**The title, authors, and abstract for this completion report are provided below.  For a copy of the completion report, please contact the GLFC via e-mail or via telephone at 734-662-3209**



Evaluation of alternative sampling strategies for stream fish assessment


Michael L. Jones1, Jerry Weise2, Amy L. Derosier1, and Katherine L. Smith3

 1Michigan State University, East Lansing, MI, USA

2Department of Fisheries and Oceans, 1 Canal Drive, Sault Ste Marie, Ontario, Canada

 3Institute of Ecology, University of Georgia, Athens GA, USA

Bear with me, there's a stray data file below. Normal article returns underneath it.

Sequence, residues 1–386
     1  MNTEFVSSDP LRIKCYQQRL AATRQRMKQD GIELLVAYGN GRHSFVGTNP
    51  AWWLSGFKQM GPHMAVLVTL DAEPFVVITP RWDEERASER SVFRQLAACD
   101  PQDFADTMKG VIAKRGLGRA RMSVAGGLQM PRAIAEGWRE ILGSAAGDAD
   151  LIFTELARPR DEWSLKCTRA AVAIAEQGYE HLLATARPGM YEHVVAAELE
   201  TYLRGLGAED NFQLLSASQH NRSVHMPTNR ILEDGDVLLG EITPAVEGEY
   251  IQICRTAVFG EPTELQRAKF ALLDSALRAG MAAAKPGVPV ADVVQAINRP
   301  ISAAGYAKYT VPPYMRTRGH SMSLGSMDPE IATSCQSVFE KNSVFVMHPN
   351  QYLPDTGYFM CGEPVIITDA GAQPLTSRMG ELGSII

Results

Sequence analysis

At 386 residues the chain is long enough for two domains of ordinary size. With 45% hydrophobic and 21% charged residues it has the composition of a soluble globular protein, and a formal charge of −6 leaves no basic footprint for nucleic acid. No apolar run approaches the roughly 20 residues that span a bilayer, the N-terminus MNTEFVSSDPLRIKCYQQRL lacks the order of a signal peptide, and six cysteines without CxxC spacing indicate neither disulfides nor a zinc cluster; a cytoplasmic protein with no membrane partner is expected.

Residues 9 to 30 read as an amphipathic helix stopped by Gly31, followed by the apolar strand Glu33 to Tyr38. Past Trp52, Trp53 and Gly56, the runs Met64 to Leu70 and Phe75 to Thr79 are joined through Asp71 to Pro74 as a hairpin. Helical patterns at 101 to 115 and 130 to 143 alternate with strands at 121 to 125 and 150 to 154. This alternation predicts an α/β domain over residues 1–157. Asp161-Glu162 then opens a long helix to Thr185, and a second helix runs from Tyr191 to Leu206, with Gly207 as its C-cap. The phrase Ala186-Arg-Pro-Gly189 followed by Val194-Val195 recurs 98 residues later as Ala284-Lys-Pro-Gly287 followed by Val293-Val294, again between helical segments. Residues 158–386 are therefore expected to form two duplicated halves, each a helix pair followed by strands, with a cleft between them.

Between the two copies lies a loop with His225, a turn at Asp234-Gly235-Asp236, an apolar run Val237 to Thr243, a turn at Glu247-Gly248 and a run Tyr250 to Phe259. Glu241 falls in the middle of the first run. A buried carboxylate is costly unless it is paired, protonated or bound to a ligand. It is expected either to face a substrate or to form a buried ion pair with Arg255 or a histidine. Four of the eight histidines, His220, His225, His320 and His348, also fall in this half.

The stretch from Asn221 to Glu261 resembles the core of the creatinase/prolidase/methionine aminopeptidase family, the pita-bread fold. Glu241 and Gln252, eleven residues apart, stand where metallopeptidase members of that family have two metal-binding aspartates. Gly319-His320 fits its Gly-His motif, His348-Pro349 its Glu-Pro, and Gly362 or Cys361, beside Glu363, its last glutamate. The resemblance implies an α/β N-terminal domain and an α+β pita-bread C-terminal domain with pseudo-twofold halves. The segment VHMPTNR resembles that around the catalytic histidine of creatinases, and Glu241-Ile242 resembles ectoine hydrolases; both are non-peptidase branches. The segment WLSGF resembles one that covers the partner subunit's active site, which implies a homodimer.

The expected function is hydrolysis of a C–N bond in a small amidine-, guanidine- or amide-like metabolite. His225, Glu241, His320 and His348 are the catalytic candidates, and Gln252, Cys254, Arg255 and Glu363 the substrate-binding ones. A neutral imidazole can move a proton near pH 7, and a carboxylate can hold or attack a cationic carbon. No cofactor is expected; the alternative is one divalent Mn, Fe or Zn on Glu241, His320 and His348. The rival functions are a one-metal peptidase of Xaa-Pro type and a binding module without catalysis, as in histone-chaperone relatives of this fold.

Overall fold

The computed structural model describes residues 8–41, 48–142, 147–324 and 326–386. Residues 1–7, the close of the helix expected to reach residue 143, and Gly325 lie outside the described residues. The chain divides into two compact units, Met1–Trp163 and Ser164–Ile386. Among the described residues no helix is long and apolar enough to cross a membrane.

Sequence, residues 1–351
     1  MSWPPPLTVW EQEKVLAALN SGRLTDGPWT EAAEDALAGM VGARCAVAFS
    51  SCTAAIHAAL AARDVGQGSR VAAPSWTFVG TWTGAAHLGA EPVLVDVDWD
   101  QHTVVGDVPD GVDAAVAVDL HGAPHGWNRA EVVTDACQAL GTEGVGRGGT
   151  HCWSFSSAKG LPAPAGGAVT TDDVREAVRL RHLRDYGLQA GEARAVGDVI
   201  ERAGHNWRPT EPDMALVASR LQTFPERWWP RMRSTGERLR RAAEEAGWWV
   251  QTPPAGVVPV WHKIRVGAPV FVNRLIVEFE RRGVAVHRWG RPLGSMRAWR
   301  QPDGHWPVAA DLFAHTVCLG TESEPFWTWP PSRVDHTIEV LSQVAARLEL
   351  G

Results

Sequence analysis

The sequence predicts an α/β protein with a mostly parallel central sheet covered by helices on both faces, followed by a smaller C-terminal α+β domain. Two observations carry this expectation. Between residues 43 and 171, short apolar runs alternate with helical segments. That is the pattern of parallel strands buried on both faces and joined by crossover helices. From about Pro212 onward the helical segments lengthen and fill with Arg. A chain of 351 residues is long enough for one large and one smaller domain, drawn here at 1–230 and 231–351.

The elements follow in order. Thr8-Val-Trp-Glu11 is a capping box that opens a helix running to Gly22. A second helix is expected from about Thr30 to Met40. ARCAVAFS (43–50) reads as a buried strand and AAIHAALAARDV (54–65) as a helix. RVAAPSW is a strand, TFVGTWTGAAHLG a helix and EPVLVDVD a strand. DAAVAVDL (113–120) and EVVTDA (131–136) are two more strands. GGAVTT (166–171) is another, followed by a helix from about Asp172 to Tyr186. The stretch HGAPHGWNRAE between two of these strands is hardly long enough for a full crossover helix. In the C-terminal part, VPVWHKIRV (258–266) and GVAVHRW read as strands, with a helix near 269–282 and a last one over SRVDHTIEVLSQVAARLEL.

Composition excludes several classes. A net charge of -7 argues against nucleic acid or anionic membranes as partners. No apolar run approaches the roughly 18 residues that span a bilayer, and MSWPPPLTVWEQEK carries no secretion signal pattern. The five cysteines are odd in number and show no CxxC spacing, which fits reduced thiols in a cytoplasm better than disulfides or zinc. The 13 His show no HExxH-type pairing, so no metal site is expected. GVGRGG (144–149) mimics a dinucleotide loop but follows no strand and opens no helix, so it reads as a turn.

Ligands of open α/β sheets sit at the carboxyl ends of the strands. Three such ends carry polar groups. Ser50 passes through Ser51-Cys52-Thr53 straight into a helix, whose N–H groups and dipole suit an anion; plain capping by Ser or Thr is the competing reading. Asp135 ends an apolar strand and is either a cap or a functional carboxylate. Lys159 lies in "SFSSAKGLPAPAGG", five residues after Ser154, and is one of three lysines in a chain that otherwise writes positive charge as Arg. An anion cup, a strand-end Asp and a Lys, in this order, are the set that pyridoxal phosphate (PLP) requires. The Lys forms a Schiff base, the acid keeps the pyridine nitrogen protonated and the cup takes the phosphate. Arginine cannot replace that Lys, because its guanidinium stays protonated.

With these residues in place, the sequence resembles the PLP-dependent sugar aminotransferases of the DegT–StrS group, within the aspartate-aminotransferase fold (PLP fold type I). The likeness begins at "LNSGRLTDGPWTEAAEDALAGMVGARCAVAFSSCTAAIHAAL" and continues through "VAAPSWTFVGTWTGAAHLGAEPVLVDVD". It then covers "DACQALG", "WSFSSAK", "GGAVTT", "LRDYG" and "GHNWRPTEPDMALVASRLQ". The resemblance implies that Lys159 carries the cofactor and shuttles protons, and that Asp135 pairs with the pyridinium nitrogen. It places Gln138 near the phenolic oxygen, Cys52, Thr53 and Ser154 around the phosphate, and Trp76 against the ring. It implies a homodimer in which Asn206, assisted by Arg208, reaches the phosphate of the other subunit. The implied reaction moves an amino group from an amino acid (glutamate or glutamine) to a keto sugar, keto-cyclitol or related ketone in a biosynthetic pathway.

We conducted a field comparison of several methods for assessing fish species composition of streams being considered for sea lamprey barrier construction. We compared three gear types – Smith-Root and AbP backpack shockers and a Smith-Root barge shocker – by sampling randomly chosen sites in two watersheds with each gear and comparing the efficiency of species accumulation (number of species captured per unit sampling effort). We also compared single and 2-pass methods of electrofishing for the backpack units. The backpack units demonstrated similar species accumulation efficiencies, with the AbP units being more efficient on Bowmanville Creek (Ontario) and the Smith-Root units being more efficient on the Cedar River (Michigan). Differences between the units were small enough that we concluded either gear type would be suitable for species composition surveys. The barge shocker was less efficient but yielded several species not captured by the backpack gear at comparable sites. We recommend using barge shockers in wide, wadable stream reaches whenever possible, despite the lower efficiency of this gear. Two-pass sampling did not add species rapidly enough to justify preference for this approach over traveling to a new location after a single pass of electrofishing. The results of this study will be used to modify a draft protocol for fish species assessment to be used by the Great Lakes Fishery Commission for assessment of barrier candidate streams.